by Jiancheng Huang, Oswego County Public Health Director
With summer soon upon us, I would like to take this moment to talk about how the Oswego County Health Department is preparing for the upcoming mosquito season.
We will begin staff training during the last week of May and move into full surveillance the following week.
As part of a long-term surveillance program, our staff collects mosquito specimens from a number of trap sites around the county.
The survey area this year will be the same areas with high mosquito activities last year.
Most traps are set in and near hardwood swamp areas because they are a perfect breeding ground for mosquitoes, especially the “Culiseta melanura” mosquito, the main carrier of Eastern equine encephalitis.
Once captured, mosquitoes are identified and grouped by species, gender, and whether or not they have ingested blood. The collection or “pool” of mosquitoes is then sent to the NYS Department of Health laboratory near Albany for testing that same week. The results are usually received one week later.
In 2012, we received special funding to coordinate the Mark-Release-Recapture Project which tracks the migration patterns of adult mosquitoes.
Due to budget constraints, we will not be able to go on with the project this year; however, we will continue to monitor mosquito populations through traditional surveillance methods.
We created educational signs with funds made available from the New York State and procured through the efforts of Senate Senator Patty Ritchie last year.
The signs convey information about protecting yourself and your family from mosquito bites. They will be distributed to schools, municipalities, campgrounds, playgrounds and golf courses.
Still, the best defense we have against EEE and the West Nile Virus is to guard against mosquito bites. Protect yourself and your family by limiting outside activities from dusk to dawn when mosquitoes are more active.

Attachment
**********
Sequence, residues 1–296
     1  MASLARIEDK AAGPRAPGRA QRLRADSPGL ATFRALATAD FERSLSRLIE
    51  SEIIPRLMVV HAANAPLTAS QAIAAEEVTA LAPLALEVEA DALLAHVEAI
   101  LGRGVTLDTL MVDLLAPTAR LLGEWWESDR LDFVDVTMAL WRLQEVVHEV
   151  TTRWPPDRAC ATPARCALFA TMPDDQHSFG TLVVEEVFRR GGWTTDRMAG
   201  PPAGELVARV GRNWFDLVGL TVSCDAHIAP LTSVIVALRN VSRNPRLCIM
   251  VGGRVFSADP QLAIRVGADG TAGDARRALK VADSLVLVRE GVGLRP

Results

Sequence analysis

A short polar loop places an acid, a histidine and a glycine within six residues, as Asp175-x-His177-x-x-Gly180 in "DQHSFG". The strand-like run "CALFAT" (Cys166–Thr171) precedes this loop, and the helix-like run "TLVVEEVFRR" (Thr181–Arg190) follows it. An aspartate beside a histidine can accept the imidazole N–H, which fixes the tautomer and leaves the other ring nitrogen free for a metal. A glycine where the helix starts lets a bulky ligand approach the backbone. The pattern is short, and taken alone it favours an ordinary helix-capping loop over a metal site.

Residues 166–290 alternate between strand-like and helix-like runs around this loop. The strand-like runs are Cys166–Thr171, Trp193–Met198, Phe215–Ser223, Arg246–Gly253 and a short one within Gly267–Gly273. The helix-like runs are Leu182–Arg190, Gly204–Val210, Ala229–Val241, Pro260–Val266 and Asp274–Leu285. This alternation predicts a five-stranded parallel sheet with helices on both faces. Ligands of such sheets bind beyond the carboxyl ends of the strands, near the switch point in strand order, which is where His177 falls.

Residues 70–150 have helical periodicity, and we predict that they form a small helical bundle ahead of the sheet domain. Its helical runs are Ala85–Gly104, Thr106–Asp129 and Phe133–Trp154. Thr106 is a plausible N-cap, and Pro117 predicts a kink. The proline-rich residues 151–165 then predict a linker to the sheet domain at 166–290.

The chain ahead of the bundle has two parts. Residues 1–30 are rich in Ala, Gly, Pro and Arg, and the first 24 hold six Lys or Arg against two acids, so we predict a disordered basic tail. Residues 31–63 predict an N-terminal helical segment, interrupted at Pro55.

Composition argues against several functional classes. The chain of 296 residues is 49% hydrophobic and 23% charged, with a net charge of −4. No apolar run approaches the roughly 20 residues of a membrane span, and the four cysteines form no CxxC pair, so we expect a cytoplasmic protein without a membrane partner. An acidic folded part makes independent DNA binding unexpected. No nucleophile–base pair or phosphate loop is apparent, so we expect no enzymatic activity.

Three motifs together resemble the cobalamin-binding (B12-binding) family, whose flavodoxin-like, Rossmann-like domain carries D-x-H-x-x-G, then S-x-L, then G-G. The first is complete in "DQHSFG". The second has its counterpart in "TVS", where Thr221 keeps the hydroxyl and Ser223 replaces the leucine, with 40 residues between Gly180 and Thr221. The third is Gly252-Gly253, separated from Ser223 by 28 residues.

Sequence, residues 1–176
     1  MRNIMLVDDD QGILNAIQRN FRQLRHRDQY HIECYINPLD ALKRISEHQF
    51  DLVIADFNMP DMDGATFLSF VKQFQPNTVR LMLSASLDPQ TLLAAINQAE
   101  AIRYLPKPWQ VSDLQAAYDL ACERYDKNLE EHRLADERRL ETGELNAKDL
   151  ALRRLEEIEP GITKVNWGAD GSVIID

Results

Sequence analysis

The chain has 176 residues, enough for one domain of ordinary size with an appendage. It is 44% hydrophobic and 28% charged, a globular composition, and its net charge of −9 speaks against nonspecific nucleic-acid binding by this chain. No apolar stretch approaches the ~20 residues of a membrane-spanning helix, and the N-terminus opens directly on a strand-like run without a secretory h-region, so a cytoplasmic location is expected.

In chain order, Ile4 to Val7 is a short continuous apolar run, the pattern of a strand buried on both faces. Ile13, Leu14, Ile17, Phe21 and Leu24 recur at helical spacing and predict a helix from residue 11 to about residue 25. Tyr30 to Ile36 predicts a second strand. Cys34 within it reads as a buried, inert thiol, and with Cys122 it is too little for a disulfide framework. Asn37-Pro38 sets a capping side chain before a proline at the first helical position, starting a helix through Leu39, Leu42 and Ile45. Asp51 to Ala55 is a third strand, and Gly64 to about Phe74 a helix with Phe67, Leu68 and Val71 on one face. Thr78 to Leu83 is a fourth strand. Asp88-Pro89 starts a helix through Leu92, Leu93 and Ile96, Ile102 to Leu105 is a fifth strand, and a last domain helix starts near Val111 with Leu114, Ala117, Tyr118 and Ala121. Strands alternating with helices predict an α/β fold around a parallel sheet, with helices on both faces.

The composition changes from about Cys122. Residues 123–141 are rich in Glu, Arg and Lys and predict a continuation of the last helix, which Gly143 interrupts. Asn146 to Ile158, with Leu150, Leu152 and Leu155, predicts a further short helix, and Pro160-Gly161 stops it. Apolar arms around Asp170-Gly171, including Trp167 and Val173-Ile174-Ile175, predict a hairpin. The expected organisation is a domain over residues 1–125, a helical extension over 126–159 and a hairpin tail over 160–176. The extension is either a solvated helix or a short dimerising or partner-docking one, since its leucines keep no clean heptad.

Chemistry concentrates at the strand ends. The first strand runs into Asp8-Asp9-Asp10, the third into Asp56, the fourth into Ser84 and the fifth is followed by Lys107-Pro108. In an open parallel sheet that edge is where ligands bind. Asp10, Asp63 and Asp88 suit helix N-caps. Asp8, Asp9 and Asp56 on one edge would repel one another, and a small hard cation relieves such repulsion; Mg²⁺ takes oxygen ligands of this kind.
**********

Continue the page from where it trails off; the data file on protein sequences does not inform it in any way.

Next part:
If you have to be outside or in areas with mosquitoes, wear shoes, socks, long pants, and long-sleeved shirts as the weather permits.
Also, be sure to use insect repellents containing DEET, picaridin or oil of lemon eucalyptus according to the directions on the label.
You can also reduce mosquito populations around your home and yard by eliminating or minimizing standing water.
Empty or drain pails, flower pots, wheelbarrows, wading pools and pool covers. Drill holes in recycling containers, clear roof gutters, dispose of old tires, and change the water in bird baths and horse troughs twice a week to discourage mosquito breeding.
Also, repair or replace broken or torn window and door screens to keep mosquitoes from entering your home.
These are all important steps in the battle against EEE and WNV. Personal protection is the most effective way of preventing EEE, WNV and other insect-borne diseases.
Last year, our public health educators launched more than three dozen community outreach activities about EEE and WNV alone.
We will continue our efforts to educate people about personal protection methods this year. I, too, will join the educational team to reach out to more organizations and groups throughout the county.
Please contact our department for an educational session about EEE and WNV, be thorough in their personal protection practices and enjoy a safe and happy summer!